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24.09.2019 | Original Article | Ausgabe 10/2019

Cancer Immunology, Immunotherapy 10/2019

Gastrin vaccine improves response to immune checkpoint antibody in murine pancreatic cancer by altering the tumor microenvironment

Cancer Immunology, Immunotherapy > Ausgabe 10/2019
Nicholas Osborne, Rebecca Sundseth, Julian Burks, Hong Cao, Xunxian Liu, Alexander H. Kroemer, Lynda Sutton, Allen Cato, Jill P. Smith
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The online version of this article (https://​doi.​org/​10.​1007/​s00262-019-02398-6) contains supplementary material, which is available to authorized users.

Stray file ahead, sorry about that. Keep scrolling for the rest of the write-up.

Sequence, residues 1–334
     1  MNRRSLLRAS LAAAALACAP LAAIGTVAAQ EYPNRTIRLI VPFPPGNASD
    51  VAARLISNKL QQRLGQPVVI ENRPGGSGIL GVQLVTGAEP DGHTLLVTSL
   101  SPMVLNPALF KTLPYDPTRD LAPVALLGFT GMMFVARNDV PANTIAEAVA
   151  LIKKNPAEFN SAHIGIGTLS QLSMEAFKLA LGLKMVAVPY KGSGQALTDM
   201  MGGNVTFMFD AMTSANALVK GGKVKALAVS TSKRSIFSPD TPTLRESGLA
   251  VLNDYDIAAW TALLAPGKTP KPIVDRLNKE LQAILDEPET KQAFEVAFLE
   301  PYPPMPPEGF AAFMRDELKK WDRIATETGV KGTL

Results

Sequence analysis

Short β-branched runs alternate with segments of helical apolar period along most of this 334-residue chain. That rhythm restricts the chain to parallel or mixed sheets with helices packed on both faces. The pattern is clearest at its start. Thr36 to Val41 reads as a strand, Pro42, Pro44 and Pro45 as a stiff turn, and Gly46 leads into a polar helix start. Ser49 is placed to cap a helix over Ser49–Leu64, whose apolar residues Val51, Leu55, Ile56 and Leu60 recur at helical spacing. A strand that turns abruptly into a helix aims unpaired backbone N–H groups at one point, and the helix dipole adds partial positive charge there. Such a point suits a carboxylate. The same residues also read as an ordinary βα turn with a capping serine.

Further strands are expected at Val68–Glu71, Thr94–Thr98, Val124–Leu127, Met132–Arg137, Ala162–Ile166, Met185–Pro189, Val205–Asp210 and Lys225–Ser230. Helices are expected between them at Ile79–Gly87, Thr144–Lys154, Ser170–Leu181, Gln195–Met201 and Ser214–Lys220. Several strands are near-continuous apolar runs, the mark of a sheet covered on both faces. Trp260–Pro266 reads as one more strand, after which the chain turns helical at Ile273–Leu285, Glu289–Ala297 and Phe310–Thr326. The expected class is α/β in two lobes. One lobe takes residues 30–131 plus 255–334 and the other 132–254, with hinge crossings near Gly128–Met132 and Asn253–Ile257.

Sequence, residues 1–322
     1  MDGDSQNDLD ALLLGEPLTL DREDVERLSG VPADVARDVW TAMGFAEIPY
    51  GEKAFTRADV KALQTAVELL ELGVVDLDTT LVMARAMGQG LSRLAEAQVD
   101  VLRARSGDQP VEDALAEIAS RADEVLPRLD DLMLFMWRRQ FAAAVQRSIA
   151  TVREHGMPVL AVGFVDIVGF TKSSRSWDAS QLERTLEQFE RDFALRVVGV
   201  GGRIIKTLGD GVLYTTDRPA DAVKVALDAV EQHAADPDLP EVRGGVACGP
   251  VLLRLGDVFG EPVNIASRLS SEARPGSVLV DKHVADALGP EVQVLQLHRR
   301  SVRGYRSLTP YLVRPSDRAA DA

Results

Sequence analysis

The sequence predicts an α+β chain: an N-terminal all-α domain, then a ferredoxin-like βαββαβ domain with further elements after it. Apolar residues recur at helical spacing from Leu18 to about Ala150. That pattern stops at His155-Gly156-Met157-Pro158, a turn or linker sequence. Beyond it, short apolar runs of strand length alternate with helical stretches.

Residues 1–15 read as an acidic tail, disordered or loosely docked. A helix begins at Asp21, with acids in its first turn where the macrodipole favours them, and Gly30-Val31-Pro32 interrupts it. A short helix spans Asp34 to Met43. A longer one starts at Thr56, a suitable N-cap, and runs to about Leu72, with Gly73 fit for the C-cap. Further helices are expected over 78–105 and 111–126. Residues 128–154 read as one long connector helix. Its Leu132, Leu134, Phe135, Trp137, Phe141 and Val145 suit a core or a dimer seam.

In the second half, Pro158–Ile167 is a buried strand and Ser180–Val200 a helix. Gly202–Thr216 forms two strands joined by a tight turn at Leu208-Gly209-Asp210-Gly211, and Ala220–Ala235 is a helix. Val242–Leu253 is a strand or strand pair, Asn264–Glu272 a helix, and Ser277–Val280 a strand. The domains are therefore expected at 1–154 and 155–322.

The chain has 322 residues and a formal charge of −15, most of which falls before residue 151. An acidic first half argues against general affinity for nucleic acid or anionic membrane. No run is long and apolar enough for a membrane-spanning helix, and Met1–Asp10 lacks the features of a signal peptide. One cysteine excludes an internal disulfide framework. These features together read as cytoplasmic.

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Pancreatic cancer has been termed a ‘recalcitrant cancer’ due to its relative resistance to chemotherapy and immunotherapy. This resistance is thought to be due in part to the dense fibrotic tumor microenvironment and lack of tumor infiltrating CD8 + T cells. The gastrointestinal peptide, gastrin, has been shown to stimulate growth of pancreatic cancer by both a paracrine and autocrine mechanism. Interruption of gastrin at the CCK receptor may reduce tumor-associated fibrosis and alter tumor immune cells. Polyclonal Ab Stimulator (PAS) is a vaccine that targets gastrin and has been shown to prolong survival of patients with pancreatic cancer. Here, we report that PAS vaccination monotherapy elicits both a humoral and cellular immune response when used in immune competent mice-bearing pancreatic tumors and that PAS monotherapy produced a marked T-cell activation and influx of CD8 + lymphocytes into pancreatic tumors. Isolated peripheral lymphocytes elicited cytokine release upon re-stimulation with gastrin in vitro demonstrating specificity of immune activation for the target peptide. Combination therapy with PAS and PD-1 Ab activated CD4 −/CD8 − TEMRA cells important in T-cell-mediated tumor death and memory. Tumors of mice treated with PAS (250 μg) or PAS (100 and 250 μg) in combination with a PD-1 Ab were significantly smaller compared to tumors from PBS or PD-1 Ab-treated mice. When PAS was given in combination with PD-1 Ab, tumors had less fibrosis, fewer inhibitory Treg lymphocytes, and fewer tumor-associated macrophages. These findings reveal a novel approach to improve treatment strategies for pancreatic cancer.

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